The Wood Shoppe - #6 Chessboards: Responsible Harvesting of Hardwoods

Feb 1, 2011, 6:57 AM |

The Wood Shoppe - #6 Chessboards: Responsible Harvesting of Hardwoods












The importance of conservation and responsible forest management cannot be overemphasized.  While this segment should put to rest any concerns over harvesting timber in America, it should also raise concern about the use of hardwoods in those parts of the world that remain unregulated.  Responsible wood products manufacturers seek out only responsible suppliers, those that are committed to the sustainability of forested lands, not only for the sake of wildlife, but also to guarantee the future for human consumption.

Multiple sources indicate that 90% of the homes built in the United States are of wood frame construction; According to 2009 USEPA estimates*,  the average American uses the equivalent of one 100 ft. tall Douglas fir tree in paper and wood products each year, 68 million tons of paper and paperboard products.  Our consumption of wood and wood products is staggering, enough so to raise serious concerns.  But we are in control.

Two key elements allow us to continue.  Recycling in America has become a way of life and is incredibly effective.  Additional 2009 statistics by the EPA* indicate that we recycle 89% of newspapers, 81% of corrugated, 74% of office paper, 54% of magazines, and 37% of telephone directories.  As a nation, we conserve our natural resources in a most responsible manner, and for all the right reasons.

The other key element is 'responsible forest management', which encompasses 'replacing what you harvest with new seedlings'.  This is especially important in the hardwood sector.  While the amount of hardwood that is salvaged and used for other purposes is on the rise, it's fair to say that in comparison to the softwood sector, recycling of hardwoods is minimal, therefore dependence on responsible forest management is paramount.  To this end, a number of agencies including 'The National Hardwood Lumber Association', 'The Forest Stewardship Council', and 'The Hardwood Forest Foundation', work alongside American manufacturers and the American public to protect the future of  our hardwood forests.  Increasingly, American hardwood manufacturers seek FSC certified hardwoods; this certification guarantees that the lumber has been harvested from a sustainable resource.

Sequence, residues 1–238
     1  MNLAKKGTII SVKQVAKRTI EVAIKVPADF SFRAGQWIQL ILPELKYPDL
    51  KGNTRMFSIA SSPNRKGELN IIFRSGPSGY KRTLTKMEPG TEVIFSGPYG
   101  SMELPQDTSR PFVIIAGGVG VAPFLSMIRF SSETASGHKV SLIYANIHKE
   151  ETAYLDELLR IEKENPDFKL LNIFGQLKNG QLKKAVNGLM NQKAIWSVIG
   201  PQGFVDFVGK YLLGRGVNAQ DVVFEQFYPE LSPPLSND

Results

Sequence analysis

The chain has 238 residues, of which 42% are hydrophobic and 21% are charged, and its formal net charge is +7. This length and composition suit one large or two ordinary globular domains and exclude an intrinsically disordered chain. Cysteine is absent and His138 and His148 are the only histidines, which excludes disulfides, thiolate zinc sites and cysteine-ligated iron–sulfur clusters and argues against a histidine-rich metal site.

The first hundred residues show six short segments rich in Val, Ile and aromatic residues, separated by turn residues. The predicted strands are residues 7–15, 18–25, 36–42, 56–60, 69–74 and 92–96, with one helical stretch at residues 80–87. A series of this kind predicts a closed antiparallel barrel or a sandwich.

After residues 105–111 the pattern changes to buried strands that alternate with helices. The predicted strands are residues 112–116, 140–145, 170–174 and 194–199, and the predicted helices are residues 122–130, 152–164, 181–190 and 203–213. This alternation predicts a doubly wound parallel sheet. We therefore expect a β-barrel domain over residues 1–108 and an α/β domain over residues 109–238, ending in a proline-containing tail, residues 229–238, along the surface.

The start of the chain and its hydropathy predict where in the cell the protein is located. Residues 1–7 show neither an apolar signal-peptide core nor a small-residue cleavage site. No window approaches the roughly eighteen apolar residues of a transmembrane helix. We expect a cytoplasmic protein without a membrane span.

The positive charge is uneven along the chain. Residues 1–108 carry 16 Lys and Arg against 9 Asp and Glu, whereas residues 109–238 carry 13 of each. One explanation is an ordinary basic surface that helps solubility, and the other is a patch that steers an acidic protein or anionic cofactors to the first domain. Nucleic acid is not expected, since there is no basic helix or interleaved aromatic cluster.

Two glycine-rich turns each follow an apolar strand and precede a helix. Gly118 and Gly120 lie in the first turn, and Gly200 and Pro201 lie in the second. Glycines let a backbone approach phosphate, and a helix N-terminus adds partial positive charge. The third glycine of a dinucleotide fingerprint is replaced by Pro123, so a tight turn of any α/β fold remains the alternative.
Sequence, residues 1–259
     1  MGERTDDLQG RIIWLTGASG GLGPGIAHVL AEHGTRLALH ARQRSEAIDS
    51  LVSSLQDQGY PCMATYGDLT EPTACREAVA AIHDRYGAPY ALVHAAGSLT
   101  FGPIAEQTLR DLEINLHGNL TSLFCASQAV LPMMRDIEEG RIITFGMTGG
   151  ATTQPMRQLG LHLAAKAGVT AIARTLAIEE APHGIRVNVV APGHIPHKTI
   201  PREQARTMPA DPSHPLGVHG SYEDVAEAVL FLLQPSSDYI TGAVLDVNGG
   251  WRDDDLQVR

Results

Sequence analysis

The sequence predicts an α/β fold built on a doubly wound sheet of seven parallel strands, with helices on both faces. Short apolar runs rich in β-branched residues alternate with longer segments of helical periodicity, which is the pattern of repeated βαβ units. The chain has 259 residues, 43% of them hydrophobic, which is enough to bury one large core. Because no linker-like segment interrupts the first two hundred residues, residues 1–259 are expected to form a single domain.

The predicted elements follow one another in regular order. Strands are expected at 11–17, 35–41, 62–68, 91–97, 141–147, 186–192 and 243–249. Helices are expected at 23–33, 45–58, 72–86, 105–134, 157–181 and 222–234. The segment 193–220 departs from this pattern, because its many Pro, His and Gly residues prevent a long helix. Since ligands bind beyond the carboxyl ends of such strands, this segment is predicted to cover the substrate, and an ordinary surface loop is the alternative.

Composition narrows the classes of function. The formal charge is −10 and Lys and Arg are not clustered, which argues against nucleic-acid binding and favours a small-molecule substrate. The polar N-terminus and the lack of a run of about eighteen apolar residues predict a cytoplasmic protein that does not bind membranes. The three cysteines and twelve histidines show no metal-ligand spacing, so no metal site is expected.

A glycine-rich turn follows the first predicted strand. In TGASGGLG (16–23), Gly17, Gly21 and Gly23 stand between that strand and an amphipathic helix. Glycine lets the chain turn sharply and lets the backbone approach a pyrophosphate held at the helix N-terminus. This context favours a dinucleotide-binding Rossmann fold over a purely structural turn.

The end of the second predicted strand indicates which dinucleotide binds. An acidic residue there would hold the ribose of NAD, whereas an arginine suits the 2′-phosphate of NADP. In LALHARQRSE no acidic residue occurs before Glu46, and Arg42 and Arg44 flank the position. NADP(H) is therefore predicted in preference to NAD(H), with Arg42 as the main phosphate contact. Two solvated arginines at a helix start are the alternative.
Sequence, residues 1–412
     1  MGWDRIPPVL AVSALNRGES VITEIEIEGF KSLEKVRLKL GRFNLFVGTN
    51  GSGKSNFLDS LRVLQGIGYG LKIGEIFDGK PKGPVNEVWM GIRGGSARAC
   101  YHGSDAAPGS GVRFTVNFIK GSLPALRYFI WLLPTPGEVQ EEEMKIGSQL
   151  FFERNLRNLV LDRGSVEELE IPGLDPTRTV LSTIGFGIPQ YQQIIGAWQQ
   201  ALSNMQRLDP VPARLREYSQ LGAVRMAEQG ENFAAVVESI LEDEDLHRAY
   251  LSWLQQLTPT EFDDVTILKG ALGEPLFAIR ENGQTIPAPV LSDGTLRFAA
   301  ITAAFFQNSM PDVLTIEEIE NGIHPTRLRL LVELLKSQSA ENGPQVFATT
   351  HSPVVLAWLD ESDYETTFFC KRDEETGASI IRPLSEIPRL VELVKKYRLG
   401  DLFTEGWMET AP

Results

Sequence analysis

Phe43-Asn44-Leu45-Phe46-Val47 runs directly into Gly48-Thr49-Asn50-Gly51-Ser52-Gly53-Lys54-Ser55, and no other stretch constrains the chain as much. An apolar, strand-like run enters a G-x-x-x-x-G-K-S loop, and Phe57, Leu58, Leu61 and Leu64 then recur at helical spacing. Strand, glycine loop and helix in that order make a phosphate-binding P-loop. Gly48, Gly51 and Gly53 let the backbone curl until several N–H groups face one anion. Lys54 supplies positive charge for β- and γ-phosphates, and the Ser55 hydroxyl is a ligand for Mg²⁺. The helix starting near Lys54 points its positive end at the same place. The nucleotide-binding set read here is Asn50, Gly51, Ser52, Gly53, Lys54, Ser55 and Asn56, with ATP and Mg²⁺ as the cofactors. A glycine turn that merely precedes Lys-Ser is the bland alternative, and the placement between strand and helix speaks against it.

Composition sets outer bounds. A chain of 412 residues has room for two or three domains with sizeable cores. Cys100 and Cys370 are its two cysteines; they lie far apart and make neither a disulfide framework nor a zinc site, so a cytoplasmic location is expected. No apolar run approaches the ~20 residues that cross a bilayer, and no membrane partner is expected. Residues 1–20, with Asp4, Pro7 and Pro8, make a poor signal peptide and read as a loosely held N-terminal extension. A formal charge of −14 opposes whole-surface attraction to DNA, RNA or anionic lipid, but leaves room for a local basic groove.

The reader should take some level of comfort from these statistics offered by 'The USDA Forest Service'.**

·         Forested land in America covers 747 million acres, or 33% of the total U.S. land area and 8.8% of global forested land.

·         Private land owners, roughly 10 million, own 58% of the forested land, 29% is publicly owned, and 13% is owned by the forest products industry.

·         25% of the land (504 million acres) is available to produce commercial forest products. 

·         Net forest growth surpasses harvest by 47%.

·         Each year, 1.6 billion trees are planted in the United States, about 6 for every 1 that we use.

·         More trees are growing in America's forests today than at any other time since the 1890's.

·         Standing timber volume per acre in the U.S. forests today is 30% greater than in 1952.

·         Forest growth rates in commercial forests outpace harvest plus loss to insects and disease by 33%.


For those that are sensitive and caring about the wildlife habitat (and I am one), I would reiterate that 'standing timber volume per acre in U.S. forests today is 30% greater than 60 years ago'.  Responsible forest management combined with responsible recycling practices are a win-win for humanity and nature as well. 



US Forest Facts and Historical Trends

In the next section, our focus will be on proper curing techniques.

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